McIver Street Makeover
A happy alternative to the wrecking ball
By Billy Eye
“The only thing that makes life possible is permanent, intolerable uncertainty: not knowing what comes next.” Ursula K. Le Guin
The 100-200 block of McIver Street is a charming avenue with a difficult history as it extends from busy West Market smack into the belly of UNC-BORG. A new parking structure and the School of Music take up the entire western side now but, across the street, there remains a pleasant mix of private homes, largely from the 1920s, that the university has repurposed for a history lab, day care and the like. But four of the most impressive dwellings on this block have been condemned and left to fallow.
On the corner, facing West Market, is one of those large homes from the turn of the 20th century that the street is famous for, until recently enjoying life as Tuba House, the city’s underground (musical) railroad. For years, Cheston Harris has been hosting ragtag bands with minuscule followings needing a place to gig and crash to help spirit them from one city to the next. Seems some new neighbors believed that living on the edge of a campus teeming with tens of thousands of methamphetamine-laced teenagers would result in the peace and tranquility they’ve longed for. So they had this beloved institution shut down.
The first McIver facing property is a late-model apartment complex followed by three boarded-up houses. The first two were built in the 1940s, one, a simple but charming brick Tudor-inspired cottage that sits next to an enormous two-story white clapboard bungalow with a stone chimney fronted by a bold gambrel roofline accented with both flared and gabled dormers.Next door is a spectacular four-bedroom New Orlean–flavored weatherboarded home with a brick base that will celebrate its centennial next year. In the 1960s, after enrollment to UNCG was extended to male students, the upstairs was converted into two rental units with exterior staircases bolted on front and back. So many hippies crashed here, if the place caught fire half the city would have gotten stoned.
Reflecting the prevailing Colonial-Revival architectural style on McIver, the other condemned property is at the far end of the thoroughfare, a sturdy brick two-story, five-bedroom home from 1927 with vintage metal awnings, apparently shuttered not long after it was purchased in 2008 for a whopping $3 million — if you believe what’s listed on the internet. (I don’t.) Finishing off the block, facing the Sullivan Science Building on Carr Street, are the venerable Lee Barber Apartments, a sleek duo of matching five-plex apartments from 1958.
My worst fears were realized when I discovered UNCG’s master plan for expansion, published in 2014, calling for the removal of every home on McIver, including the two Barbara Lees, to be replaced with a sprawling Visual and Performing Arts District. Still smarting over the lost standalone residences in the heart of campus demolished for parking lots two decades ago, I was ready to fire off my indignant narrative: Am I seriously going to have to chain myself to some houses?!? Let’s keep these antiquities, and build upward not outward, UNCG. These kids need some exercise anyway!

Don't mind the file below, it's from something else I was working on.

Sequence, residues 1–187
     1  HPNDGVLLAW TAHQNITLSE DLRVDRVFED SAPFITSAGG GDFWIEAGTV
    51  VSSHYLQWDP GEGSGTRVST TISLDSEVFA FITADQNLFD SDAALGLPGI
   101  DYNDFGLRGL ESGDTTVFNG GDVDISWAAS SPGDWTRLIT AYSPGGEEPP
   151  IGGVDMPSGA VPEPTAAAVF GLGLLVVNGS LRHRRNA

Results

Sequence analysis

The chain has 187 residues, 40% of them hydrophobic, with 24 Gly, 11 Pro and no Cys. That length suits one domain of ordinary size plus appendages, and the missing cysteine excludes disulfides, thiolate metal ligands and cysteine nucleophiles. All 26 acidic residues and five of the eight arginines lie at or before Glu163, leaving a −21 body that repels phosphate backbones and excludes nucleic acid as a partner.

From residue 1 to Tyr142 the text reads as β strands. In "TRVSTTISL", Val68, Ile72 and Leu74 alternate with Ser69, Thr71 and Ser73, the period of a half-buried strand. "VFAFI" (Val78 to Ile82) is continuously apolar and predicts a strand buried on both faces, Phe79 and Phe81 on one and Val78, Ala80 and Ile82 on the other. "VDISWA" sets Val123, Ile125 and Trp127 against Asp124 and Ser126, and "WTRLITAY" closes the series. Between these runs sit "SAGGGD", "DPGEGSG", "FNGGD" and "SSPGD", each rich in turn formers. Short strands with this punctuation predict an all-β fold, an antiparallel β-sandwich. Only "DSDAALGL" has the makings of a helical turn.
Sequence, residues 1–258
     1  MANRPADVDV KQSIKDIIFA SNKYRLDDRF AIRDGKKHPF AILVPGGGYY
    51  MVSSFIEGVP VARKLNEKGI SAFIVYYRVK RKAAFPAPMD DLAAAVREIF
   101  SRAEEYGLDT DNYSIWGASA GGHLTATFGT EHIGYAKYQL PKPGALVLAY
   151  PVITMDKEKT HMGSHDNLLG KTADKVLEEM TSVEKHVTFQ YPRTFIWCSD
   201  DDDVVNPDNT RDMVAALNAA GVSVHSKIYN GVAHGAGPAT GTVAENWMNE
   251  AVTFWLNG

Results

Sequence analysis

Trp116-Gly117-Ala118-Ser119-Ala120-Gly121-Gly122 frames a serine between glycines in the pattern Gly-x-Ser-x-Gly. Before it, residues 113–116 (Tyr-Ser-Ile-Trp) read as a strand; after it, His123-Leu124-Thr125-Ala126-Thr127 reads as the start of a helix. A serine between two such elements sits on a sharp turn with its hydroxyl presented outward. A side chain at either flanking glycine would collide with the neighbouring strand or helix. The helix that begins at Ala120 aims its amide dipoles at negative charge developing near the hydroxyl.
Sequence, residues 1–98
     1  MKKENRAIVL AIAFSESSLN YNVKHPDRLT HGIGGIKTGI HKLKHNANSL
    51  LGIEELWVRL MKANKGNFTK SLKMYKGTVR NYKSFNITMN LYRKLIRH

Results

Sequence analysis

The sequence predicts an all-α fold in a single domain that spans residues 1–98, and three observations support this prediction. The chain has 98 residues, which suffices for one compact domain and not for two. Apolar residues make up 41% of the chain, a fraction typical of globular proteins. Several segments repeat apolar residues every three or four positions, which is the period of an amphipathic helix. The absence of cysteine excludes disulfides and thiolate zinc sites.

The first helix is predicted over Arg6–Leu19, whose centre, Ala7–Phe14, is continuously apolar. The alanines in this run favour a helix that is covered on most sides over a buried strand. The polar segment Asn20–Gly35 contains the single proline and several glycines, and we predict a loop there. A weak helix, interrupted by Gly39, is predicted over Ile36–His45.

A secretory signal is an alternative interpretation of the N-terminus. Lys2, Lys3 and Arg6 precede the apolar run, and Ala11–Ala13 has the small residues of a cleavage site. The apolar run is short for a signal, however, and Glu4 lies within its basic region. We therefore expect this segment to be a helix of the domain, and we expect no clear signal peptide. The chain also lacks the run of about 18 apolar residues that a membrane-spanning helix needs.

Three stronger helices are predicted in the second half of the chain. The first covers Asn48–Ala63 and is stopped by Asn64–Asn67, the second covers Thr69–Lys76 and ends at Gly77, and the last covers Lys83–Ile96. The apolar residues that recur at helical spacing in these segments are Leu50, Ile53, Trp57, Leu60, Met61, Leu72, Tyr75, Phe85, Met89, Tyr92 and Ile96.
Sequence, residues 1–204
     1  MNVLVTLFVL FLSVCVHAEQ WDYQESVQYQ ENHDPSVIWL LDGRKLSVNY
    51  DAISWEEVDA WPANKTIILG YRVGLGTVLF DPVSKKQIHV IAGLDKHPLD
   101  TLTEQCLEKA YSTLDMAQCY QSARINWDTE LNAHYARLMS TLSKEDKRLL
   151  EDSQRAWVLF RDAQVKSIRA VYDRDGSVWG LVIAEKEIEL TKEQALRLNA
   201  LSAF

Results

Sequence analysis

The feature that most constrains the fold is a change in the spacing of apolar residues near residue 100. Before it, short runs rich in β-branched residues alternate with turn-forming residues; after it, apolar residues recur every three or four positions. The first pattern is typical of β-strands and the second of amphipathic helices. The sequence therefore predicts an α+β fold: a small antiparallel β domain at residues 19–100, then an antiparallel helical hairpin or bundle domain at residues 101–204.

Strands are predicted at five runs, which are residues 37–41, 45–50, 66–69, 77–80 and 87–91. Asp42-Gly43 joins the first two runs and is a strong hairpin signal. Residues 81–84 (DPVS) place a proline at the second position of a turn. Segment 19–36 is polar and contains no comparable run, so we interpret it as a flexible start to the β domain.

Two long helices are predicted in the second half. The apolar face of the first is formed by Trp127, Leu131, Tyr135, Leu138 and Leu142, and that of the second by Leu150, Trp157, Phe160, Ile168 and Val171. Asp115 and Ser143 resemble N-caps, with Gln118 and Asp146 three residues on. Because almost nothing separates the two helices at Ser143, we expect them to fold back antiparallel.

Fortunately, before this boot heel became permanently lodged in my oral cavity, I had a chance meeting with one of the university’s architect/planners. Turns out that 2014 blueprint is no longer in play. UNCG now recognizes how important a neighborhood feel is to the campus. So much so, they plan to rehabilitate these homes by next summer. Around that same time the former Victory Theater (so named because it opened at the height of WWII) on Tate Street and a pool hall next door will have been converted into rehearsal and studio space for the Theatre Department [or School of Theatre]. Extending the university’s footprint further down Tate is expected to be a boon to businesses along the strip. Bravo!
That reminds me of another road thankfully not taken. Fifty years ago our city leaders drafted a plan to make downtown as attractive to shoppers as Friendly Shopping Center or the brand new Four Seasons Mall that was under construction. The blueprint called for the demolition of all those old-fashioned buildings from the turn of the century on South Elm, to be replaced with ultramodern glass and concrete storefronts with offices above.
The first phase was implemented, and it involved widening the sidewalks downtown, then planting trees every few feet, augmented with more greenery growing out of large pebble-encrusted shrubbery planters. To balance out the massive number of parking spaces this displaced, the city built a multilevel parking deck behind Ellis-Stone department store (now Elm Street Center) that quickly became a magnet for crime, hastening downtown’s demise. The city center was surrendered to die-harders and derelicts in the 1970s, resulting in South Elm’s architectural treasures being preserved by default. Wider sidewalks, the parking garage, trees, some of which are nearly half a century old now, greatly enhance our present day downtown. Can you imagine the cultural hangover we’d be experiencing now if South Elm resembled the Governmental Center or any of the other ugly structures erected in the 1970s? Here’s what could have been . . . OH
Every Thursday afternoon this month from 3 p.m. until 6, Billy Eye will be at Parts Unknown: the Comic Book Store at 906 Spring Garden, near the corner of Mendenhall, to talk with you about Old Greensboro, classic comics, TV history, my books, or whatever else you can think of. Stop by and say hello!